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The Place of Love in Leadership

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Today is America's holiday of love. Granted, it may seem the day was invented by Hallmark or by florists but neither is true. Even historically, there are conflicting stories about the origin of the day. It may have been named after a Christian martyr named Valentine or it may have arisen as an early roman ritual. Nevertheless, in North America and much of Europe, this day has a centuries' old tradition as a day for sending love.

On Thursday, we observed a 5 or 6-year-old boy with his parents in a card store. They were in serious conversation. The mother said, "Which of these do you want?" She held two cards in her hand. The boy struggled. The mother asked again " Which card do you want for Mrs. Hubinsky?" Now, our attention was caught. The little boy deliberated long and hard before he chose. But, as he said "This one" and turned to his mother, his face was rapt with delight. He had made the selection and it was perfect. Mrs. Hubinsky was clearly his teacher and we wondered how many cards she would receive the next day and whether she would know how carefully this boy's decision had been made. We also wondered how many cards would be given to school leaders and superintendents this day...and from whom.

Teachers are Lucky
The environment of a classroom allows for seeing and feeling and experiencing love frequently. Young children, often with the help of parents, want to say how special teachers are and this day invites that expression.  As we make the transition to offices, it happens so much less. We create and support the environments in which the exchange can happen but we are outside of it. Gradually, it doesn't matter as our minds are fully engaged in our work. But today, we want to acknowledge that our hearts do not get checked at the office door. Most of us care deeply about the children regardless of their age and can be deeply moved by them and by their connection to us. But, there is a moment when we begin to stop talking about it and stop letting our heart show. We wonder why.

The winning coach of the super bowl can hug his players. Millions watched as Coach Belichick hugged his Quarterback Tom Brady. Coach said, "I love these guys."  It is the ultimate of teammanship, hard work and respect. It wasn't a perfect game; they almost lost it. But, in the final minute, one of the team made the right move and the team won.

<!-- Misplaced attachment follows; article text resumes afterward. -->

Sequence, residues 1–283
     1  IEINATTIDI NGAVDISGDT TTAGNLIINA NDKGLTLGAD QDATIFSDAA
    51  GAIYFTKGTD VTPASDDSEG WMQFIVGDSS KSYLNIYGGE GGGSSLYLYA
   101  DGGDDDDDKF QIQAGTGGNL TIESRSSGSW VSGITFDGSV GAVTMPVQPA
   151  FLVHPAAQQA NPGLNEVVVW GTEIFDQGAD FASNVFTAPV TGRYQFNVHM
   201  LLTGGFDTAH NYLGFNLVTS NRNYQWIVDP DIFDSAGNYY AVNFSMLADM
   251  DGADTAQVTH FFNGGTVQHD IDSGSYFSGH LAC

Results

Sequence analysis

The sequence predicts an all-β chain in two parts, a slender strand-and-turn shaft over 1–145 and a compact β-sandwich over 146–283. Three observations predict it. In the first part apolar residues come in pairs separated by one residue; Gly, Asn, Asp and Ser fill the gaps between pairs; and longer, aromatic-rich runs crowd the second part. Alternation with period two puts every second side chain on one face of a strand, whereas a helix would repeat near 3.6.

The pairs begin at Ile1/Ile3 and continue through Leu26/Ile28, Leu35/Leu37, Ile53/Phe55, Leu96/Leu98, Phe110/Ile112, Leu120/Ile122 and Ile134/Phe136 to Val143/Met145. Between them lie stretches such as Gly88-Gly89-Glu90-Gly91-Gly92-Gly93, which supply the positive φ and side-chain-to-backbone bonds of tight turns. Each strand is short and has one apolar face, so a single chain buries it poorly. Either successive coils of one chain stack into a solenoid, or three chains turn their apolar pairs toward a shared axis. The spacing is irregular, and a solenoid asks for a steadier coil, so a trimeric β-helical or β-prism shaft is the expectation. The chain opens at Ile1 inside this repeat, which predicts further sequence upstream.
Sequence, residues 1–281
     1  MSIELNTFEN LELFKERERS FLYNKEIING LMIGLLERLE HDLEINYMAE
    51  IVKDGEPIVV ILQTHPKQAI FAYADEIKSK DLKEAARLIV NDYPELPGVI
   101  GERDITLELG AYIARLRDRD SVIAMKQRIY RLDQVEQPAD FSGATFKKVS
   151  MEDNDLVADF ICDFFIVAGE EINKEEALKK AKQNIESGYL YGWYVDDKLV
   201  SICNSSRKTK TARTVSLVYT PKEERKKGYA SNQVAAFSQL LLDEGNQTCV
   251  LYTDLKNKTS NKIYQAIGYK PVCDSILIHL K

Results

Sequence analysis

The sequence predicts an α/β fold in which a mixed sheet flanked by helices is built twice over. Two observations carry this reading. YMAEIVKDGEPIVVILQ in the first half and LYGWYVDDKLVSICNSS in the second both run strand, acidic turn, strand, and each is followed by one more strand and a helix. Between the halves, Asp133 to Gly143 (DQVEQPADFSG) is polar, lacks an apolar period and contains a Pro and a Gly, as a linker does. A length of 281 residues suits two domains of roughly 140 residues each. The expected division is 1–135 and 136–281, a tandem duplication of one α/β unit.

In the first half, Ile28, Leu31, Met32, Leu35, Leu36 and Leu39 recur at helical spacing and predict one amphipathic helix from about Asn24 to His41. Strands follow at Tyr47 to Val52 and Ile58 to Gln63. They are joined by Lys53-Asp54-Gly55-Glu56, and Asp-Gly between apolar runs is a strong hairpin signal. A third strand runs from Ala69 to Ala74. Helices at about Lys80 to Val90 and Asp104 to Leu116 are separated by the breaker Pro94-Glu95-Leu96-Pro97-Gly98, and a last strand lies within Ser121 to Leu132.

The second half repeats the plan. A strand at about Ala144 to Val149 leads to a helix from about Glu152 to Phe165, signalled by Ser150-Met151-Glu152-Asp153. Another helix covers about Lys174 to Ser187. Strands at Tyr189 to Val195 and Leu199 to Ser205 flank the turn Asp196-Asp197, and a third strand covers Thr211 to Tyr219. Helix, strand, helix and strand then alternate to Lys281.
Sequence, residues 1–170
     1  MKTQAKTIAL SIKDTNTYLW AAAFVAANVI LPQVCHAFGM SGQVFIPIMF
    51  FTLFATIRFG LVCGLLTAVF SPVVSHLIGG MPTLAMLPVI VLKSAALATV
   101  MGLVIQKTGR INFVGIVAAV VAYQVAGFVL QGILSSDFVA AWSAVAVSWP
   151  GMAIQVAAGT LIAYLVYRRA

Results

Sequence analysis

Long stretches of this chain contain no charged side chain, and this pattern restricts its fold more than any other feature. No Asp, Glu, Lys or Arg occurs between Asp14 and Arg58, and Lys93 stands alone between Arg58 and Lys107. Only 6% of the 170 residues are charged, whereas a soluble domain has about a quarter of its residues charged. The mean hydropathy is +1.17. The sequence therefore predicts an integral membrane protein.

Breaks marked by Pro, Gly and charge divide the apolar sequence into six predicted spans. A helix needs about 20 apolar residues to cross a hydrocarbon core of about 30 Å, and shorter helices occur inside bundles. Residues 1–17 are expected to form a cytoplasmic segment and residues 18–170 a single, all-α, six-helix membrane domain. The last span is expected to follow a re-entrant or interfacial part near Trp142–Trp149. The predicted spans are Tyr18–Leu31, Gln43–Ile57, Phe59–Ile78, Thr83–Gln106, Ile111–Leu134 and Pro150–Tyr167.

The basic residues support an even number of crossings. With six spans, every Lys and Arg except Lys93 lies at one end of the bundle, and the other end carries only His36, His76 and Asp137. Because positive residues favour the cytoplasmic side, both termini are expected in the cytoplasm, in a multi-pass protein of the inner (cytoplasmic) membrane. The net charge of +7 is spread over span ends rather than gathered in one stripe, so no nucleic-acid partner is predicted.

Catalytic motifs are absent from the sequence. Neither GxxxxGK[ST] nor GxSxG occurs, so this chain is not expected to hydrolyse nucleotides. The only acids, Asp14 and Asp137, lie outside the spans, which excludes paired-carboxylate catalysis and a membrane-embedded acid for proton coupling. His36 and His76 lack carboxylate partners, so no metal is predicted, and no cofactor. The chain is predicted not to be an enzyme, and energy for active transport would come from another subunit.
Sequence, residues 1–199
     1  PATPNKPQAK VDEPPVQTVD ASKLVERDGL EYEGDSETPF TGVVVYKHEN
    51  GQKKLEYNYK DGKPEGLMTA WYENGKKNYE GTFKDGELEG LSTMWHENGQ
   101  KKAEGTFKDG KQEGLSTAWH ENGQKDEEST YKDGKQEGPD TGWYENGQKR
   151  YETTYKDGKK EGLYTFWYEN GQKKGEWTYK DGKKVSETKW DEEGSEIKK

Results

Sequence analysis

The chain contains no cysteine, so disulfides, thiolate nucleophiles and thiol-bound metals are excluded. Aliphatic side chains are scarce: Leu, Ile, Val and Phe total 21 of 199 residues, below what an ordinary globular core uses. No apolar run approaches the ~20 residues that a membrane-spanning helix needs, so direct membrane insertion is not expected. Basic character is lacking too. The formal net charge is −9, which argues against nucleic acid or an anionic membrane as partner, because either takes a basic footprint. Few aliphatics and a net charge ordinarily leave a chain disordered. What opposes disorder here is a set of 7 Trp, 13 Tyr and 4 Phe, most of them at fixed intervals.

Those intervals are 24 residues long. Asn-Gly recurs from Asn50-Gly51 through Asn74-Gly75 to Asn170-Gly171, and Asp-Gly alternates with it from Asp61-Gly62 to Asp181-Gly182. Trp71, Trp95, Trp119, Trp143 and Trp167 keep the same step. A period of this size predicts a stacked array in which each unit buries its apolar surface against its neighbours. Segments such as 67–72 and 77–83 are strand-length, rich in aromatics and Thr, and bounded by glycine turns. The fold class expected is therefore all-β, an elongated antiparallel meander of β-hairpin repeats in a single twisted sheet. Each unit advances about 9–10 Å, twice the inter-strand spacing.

The Leader's Heart
Picture that as a faculty meeting when the test scores come. In a business about children, we have become so reserved and cautious, that our hearts don't know how to show up. When there are moments in schools as great as the one Belichick and Brady shared, what do we do? We announce and compliment but joy is what love brings into our toolbox. It takes risks and practice. No, we can't be huggers without being careful but we do need to ask ourselves how our teachers and children know we love them? How do we show our joy at the success of children or the passing of a bond issue?

In a 2005 keynote, Otto Scharmer asked twelve questions. Just these two might offer an opening:
"When do you feel your heart opening-what do you truly love?" and "What are the situations in which you experience your heart opening?

We want to acknowledge the oft-unheralded value of the leaders' work. So, without flowers, candy or cards, we say Happy Valentine's Day. And for every one with whom you work, we send a Sam Keen message...for yourself, for every child and for every teacher. If you give this every day, how can you not have a winning team?

"You come to love not by finding the perfect person, but by seeing an imperfect person perfectly." - Sam Keen

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